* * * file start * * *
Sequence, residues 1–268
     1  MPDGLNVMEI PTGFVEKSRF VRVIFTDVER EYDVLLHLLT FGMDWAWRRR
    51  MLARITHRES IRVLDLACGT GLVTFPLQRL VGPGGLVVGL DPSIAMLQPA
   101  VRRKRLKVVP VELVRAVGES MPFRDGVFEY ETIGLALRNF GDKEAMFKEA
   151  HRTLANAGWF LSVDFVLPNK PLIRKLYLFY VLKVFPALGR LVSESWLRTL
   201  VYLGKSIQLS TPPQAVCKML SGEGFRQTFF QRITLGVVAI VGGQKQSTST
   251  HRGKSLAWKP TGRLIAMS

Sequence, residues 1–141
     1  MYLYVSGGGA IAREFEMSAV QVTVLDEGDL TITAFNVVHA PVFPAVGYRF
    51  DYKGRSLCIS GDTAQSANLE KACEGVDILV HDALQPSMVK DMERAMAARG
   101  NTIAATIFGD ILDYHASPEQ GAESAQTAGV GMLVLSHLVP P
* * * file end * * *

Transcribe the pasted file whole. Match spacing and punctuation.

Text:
Sequence, residues 1–268
     1  MPDGLNVMEI PTGFVEKSRF VRVIFTDVER EYDVLLHLLT FGMDWAWRRR
    51  MLARITHRES IRVLDLACGT GLVTFPLQRL VGPGGLVVGL DPSIAMLQPA
   101  VRRKRLKVVP VELVRAVGES MPFRDGVFEY ETIGLALRNF GDKEAMFKEA
   151  HRTLANAGWF LSVDFVLPNK PLIRKLYLFY VLKVFPALGR LVSESWLRTL
   201  VYLGKSIQLS TPPQAVCKML SGEGFRQTFF QRITLGVVAI VGGQKQSTST
   251  HRGKSLAWKP TGRLIAMS

Sequence, residues 1–141
     1  MYLYVSGGGA IAREFEMSAV QVTVLDEGDL TITAFNVVHA PVFPAVGYRF
    51  DYKGRSLCIS GDTAQSANLE KACEGVDILV HDALQPSMVK DMERAMAARG
   101  NTIAATIFGD ILDYHASPEQ GAESAQTAGV GMLVLSHLVP P